But in the process of simplifying my graphics, I have sometimes found myself approaching a line — and it’s one that you do not want to cross — after which the graphic is too simple, lacks sufficient context, and loses all its weight. For example, I’ve simplified the pie chart below and used color to help emphasize the point of the graphic.
Stop thinking in terms of what you do, or how your technology works now. Start thinking in terms of the mobile moments of your customers.
A mobile moment is a point in time and space when someone pulls out a mobile device to get what he or she wants immediately, in context.
Thinking in terms of mobile moments is the lesson of our new book, The Mobile Mind Shift. It's a new way of thinking for many companies, but it's essential to getting mobile strategy right. Without it, you end up spending a lot of effort on features your customers won't use. Meanwhile, some entreprenuer like Lose It! or Roambi swoops in and steals your mobile moments.
How pervasive are mobile moments? We started a hashtag campaign on #MyMobileMoment to encourage people to share the mobile moments. Go ahead, check out the hundreds of posts so far. Or post your own.
Lexmark’s acquisition of Readsoft is part of a continued effort at Lexmark to balance mature and stable printer HW revenues with faster growing software and services businesses. This acquisition is one of many in the last two years, and is consistent with consolidation in the mature capture and content market. And it works for me.
Readsoft provides more software depth in Europe then Lexmark has, and is stronger than Lexmark in financial process automation (purchase –to-pay and order-to cash although mostly the former) with strong integration with SAP and other ERP vendors. Perceptive Software, the core technology within Lexmark’s software division, is more content then transaction oriented, a strength that Readsoft adds.
There is also synergy across analytics. For example, Brainware, acquired by Lexmark, is very strong in analytics for forms processing – one of these being invoices. This should add smarts to ReadSofts front end.
As always, success is determined by how integration talks place over time and whether an integrated platform can emerge with minimal customer disruption. It would be good to see acquisiions in the services area to more quickly balance revenue with the tradition business.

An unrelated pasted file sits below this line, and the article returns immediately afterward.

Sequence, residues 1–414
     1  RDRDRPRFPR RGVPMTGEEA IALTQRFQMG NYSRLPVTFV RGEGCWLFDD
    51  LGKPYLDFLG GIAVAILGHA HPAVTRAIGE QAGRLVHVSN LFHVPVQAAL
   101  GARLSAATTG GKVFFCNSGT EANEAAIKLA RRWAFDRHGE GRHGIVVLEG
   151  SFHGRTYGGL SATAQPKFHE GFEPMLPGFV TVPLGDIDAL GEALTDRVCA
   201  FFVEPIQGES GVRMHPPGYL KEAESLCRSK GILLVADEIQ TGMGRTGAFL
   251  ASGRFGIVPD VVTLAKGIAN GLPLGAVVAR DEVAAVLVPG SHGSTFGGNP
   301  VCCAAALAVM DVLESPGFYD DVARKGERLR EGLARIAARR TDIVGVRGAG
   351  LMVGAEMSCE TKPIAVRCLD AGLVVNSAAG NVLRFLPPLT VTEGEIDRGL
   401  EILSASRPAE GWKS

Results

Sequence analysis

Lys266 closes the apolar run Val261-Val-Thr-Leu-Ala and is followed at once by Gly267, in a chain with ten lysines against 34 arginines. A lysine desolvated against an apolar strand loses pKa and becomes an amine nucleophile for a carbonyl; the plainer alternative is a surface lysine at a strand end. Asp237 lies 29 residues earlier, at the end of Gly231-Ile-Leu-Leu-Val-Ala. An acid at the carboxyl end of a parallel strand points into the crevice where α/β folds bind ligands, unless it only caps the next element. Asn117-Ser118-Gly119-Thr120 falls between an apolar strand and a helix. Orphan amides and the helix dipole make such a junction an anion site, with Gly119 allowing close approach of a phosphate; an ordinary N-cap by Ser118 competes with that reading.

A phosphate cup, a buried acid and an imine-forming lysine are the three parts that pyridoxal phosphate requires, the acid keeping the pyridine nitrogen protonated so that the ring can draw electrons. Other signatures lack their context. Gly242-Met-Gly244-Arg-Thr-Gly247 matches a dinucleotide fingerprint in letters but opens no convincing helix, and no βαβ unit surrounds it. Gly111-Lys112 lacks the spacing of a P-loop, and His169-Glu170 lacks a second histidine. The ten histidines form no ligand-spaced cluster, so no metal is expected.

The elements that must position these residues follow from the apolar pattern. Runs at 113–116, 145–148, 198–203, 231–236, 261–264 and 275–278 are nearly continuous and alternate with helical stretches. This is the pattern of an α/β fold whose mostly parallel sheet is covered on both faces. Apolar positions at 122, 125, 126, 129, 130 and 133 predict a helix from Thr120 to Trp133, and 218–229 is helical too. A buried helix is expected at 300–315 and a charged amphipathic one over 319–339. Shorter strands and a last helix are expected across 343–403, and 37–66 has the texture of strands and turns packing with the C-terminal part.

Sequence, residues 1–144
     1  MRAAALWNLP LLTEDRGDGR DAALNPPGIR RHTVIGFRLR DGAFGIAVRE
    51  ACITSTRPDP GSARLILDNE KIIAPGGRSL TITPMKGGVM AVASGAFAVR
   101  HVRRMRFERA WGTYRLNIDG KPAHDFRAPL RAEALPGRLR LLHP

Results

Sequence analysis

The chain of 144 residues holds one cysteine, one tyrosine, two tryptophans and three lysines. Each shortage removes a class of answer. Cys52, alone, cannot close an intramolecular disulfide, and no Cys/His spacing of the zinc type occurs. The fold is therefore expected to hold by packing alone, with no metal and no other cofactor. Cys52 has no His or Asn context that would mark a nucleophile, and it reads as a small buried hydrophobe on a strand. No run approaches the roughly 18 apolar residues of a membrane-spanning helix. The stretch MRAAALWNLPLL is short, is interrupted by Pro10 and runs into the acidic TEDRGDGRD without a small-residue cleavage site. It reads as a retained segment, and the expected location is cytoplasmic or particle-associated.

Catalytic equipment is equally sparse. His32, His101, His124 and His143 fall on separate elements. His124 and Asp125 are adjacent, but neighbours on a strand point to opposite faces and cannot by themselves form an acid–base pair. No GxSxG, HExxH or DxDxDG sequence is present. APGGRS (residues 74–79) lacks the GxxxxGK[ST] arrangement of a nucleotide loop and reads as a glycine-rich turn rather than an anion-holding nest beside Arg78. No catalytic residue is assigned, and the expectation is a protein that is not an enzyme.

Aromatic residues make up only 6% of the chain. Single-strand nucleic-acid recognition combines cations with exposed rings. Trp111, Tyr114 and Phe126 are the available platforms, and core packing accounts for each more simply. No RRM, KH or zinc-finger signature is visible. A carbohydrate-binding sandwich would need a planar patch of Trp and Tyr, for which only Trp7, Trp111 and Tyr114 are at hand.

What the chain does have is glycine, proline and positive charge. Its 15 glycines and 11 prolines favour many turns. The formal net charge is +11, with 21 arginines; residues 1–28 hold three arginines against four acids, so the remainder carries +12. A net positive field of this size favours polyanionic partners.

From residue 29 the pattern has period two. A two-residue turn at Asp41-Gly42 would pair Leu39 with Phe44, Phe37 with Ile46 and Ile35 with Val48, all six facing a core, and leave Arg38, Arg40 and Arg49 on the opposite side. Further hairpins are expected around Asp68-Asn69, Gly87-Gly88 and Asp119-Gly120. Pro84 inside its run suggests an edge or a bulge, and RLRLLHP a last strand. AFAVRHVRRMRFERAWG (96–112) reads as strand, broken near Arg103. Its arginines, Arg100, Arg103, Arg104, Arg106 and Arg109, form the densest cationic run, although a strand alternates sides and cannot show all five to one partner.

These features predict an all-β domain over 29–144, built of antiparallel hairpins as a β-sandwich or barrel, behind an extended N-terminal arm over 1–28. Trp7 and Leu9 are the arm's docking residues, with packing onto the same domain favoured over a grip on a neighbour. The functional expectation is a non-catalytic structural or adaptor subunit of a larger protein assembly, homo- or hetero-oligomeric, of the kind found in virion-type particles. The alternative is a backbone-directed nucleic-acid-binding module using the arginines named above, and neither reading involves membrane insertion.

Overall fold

Governments face an alphabet soup of digital transformation with eGovernment and mGovernment mandates. Do I hear an sGovernment, anyone? The trend in engaging via new digital channels is clear: 52% of US online adults have engaged in one or more government related activities. For example, 19% have renewed a driver’s license or vehicle registration online, and 16% have paid a bill such as a traffic fine or utility payment. In the age of the customer, government organizations must understand and address the needs of their citizens. For governments, it's the "age of the citizen," with demands for greater transparency and accountability, improved efficiency, and, above all, better service delivery. Citizens no longer accept the shoulder shrug and age-old excuse that government is "like that" when service quality isn't as expected. And, part of that service quality for some is to be able to embrace a mobile moment to look up information or complete a task. Some government organizations hear the call and are making great strides to embrace and enable new mobile delivery channels — where appropriate. But many struggle to invest in what they do consider a strategic initiative. Of those who consider mobility a strategic priority, only 30% in government have increased spending on mobile projects, compared with 51% in other industries.
If I had a dime for every time I heard the question “Isn’t eCommerce taking over retail?”, it wouldn’t make me wealthy, but I’d certainly have a few hundred dollars more than I do now. Nonetheless, it’s a question that is unfortunately misguided and has permeated our zeitgeist. The truth is that yes, eCommerce is growing - but physical retail is far from doomed. Let me take the two parts of that last sentence and address them each separately.
First, the fact that eCommerce is growing. Forrester just released the latest five-year online retail forecast and to no one’s surprise, the numbers are big. We’re projecting $294B in eCommerce sales across 30 retail categories in 2014, expected to grow to $414B by 2018. The web keeps doing what it has always done well: it provides huge assortments of products, at comparable, often lower, prices than physical stores, with 24/7 access and often free shipping. For many categories like media products or electronics, we’ve already observed a heavy shift to the web channel away from physical stores. Add to that the ubiquity of mobile devices and that drives even more shopping in more instances and places. In fact, we’re projecting that $87B of that $294B will happen on phones and tablets in 2014, and that doesn’t even include another $28B in additional mobile transactions on sites and apps like Uber and Domino’s Pizza that aren’t even in that aforementioned mobile commerce number.
But all this growth certainly doesn’t mean that stores are dying. Here’s why: